The National Assessment of Educational Progress (NAEP) measures the progress of America's schools in various subjects. The National Assessment Governing Board manages the assessments. Students are tested at the fourth-, eighth-, and twelfth-grade levels. For each subject there are four levels of achievement: advanced, proficient, basic, and below basic.
NAEP civics assessments have been administered irregularly, including tests in 1988, 1998, 2006, and 2010. The reports from these assessments are typically issued within one to two years of the testing. Thus the civic education assessment was conducted in 1988, with the report issued in 1990. The publication in 1994 of the National Standards for Civics and Government provided the National Assessment Governing Board an opportunity to develop a new framework for the civics assessment that would be based on the consensus achieved by the National Standards. Accordingly, in 1996 the assessment was “renormed” to align with the National Standards, and that framework has been used in subsequent assessments.
The results of NAEP civics assessments over the years have been similar, with roughly three-quarters of US students failing to reach the proficient level. The results of the 2010 NAEP civics assessment were reported in the 2011 NAEP Civics Report Card, which showed some modest gains in fourth-grade students' scores, though average eighth-grade scores remained about the same.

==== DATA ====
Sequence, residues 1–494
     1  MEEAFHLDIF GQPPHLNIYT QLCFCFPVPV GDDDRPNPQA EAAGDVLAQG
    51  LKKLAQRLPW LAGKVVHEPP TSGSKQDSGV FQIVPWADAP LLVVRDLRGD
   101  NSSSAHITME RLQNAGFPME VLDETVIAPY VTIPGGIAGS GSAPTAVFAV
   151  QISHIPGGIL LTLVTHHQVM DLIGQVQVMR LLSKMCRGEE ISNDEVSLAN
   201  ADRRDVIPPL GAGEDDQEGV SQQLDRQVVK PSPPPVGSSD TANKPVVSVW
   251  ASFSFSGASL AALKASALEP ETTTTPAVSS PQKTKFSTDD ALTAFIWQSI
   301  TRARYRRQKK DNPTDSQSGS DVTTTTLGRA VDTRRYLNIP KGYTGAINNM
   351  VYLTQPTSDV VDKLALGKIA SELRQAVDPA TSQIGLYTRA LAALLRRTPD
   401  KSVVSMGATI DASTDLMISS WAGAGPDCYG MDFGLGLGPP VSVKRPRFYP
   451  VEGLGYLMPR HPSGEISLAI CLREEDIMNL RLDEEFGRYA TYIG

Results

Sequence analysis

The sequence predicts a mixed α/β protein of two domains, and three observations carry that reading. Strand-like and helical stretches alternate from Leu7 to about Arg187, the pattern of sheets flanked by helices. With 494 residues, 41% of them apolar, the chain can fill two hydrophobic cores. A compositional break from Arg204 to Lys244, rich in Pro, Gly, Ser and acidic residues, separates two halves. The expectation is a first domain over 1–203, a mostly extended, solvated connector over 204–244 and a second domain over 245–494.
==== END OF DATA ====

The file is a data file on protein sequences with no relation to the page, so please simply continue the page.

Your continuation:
Research from other sources largely confirms the challenges facing civic educators and suggests promising practices in civic education. A 2003 report titled “The Civic Mission of Schools” and a 2011 follow-up report titled “Guardian of Democracy” describe school-based practices that research has indicated have positive effects on student achievement. These include formal instruction in civics and government, democracy, law, history, and other related subjects; discussion of current events and controversial issues; service-learning programs that provide students with the opportunity to apply what they learn through performing community service that is linked to the formal curriculum; involving young people in extracurricular activities to get them involved in their schools or communities outside of the classroom; meaningful student participation in school governance; and engaging students in simulations of democratic processes and procedures.